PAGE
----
I was lucky enough to be in Denver last weekend - my first time in the state of Colorado. As ever when I travel, I seek out a garden or two to visit and a quick search on Google revealed the Denver Botanic Gardens to be only a mile or two from where we were staying downtown.
I was particularly interested to see the water-smart garden within the 23 acres of planting. Denver is known as the the 'Mile High City' and the air is pretty dry at that altitude. Added to that, the location of the state within the US – it's about as central as you can get, so moisture in the air will have been shed long before any weather front reaches here. As a result, this should be the perfect place to learn about gardening with limited water.
This particular area was situated in full midday sun and filled with plants typical of dry semi-arid regions with all the adaptations you might expect to ensure the plants' survival. The sloping border is watered only seven times during the summer season and plants are grouped together according to their water requirements. Thirstier plants are positioned at the bottom of the border to maximise their use of run-off or gravitational water.
Sedums were well represented - the photo below shows Sedum 'Purple Emperor'. Thick succulent leaves allow the plant to store excess water for use later.
Lavenders and Lamb's ears (Stachys byzantia) were also included in this garden. The former has reduced leaves and the latter has fine hairs covering the leaf surface. These characteristics serve to reduce water loss by transpiration. Both plants have a silvery colouring which acts as a reflector to the strong rays of the sun.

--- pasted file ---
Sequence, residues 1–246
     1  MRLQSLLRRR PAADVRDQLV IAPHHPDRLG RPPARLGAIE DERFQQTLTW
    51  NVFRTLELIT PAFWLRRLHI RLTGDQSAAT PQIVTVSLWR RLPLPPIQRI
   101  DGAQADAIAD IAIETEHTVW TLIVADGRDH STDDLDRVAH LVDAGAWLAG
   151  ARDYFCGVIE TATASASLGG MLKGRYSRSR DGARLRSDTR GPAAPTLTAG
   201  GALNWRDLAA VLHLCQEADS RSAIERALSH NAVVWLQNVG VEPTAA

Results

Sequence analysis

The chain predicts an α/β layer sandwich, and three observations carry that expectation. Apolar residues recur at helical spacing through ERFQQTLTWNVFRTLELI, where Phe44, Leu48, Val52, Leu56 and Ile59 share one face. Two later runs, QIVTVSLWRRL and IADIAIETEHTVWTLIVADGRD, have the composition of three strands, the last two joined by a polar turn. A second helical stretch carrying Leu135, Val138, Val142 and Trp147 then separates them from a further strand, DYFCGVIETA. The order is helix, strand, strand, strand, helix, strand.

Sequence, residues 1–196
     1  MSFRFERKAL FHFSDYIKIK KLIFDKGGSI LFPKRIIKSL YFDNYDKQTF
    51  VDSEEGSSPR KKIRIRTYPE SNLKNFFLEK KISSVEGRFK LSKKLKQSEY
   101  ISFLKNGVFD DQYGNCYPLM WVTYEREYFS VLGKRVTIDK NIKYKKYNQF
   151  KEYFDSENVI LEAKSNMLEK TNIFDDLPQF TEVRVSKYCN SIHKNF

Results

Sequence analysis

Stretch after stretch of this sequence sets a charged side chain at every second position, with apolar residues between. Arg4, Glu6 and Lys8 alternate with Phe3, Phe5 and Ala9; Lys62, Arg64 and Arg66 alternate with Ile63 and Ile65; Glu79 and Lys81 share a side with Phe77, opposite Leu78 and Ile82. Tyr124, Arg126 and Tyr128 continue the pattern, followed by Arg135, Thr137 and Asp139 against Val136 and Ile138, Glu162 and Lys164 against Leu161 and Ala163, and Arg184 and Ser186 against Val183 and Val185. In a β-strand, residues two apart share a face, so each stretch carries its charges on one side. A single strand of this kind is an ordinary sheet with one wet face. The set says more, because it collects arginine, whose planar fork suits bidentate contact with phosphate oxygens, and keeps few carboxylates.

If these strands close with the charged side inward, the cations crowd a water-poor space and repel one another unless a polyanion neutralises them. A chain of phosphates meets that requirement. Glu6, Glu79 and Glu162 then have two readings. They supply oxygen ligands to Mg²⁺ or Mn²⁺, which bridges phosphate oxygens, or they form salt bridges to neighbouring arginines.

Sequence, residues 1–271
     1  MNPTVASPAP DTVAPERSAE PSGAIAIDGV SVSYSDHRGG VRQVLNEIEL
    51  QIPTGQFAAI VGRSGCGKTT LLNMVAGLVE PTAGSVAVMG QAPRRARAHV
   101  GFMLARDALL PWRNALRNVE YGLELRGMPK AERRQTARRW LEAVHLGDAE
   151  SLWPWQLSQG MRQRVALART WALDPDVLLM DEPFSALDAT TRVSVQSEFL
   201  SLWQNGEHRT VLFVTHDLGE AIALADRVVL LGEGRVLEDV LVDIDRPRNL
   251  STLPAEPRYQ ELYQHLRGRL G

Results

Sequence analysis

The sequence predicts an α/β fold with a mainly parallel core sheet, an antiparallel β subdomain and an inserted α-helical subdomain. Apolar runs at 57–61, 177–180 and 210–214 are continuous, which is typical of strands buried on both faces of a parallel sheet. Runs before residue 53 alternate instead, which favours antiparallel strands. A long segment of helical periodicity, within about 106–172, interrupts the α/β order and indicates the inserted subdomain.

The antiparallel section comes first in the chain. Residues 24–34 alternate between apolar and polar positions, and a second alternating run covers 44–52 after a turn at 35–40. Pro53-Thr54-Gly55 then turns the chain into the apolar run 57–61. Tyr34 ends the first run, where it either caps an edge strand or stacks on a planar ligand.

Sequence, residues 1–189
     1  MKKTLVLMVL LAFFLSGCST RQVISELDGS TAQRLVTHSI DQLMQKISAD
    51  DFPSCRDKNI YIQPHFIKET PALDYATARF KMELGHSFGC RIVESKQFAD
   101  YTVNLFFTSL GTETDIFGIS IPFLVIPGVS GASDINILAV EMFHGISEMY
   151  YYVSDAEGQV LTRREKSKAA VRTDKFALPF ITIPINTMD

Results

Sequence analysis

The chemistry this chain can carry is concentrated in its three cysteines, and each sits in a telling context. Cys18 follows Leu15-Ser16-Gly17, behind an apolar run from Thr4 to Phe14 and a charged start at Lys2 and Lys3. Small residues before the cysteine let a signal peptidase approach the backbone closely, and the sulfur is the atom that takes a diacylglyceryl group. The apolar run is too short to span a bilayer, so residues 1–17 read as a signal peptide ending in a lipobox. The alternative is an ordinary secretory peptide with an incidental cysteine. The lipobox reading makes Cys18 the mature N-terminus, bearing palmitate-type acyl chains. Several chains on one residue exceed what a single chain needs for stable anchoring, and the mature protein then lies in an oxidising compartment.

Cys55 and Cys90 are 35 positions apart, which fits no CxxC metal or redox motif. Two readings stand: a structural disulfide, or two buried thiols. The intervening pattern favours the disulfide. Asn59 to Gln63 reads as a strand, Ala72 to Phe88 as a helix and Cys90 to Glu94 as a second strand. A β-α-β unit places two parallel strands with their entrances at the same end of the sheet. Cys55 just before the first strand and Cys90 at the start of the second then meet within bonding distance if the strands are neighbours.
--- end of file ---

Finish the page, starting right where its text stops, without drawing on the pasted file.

Agave, cacti, yucca, eucalyptus, oaks and cypress line the back wall of the border and create focal points in the central areas.
The photo below shows Texas sotol (Dasylirion texanum), a relative of yucca. Its distinctive flower spike appears from May onwards and grows to an impressive 15 feet in height - and is apparently adored by hummingbirds!
Many of the smaller plants featured along the front of the border such as salvias, alliums and fine grasses are those or close relatives of those that would be easily found in UK nurseries and garden centres. Maybe, if the drought conditions continue on our side of the Atlantic, we'll be taking the lead from here and planning our own future garden plantings in terms of low water requirements and heat tolerance.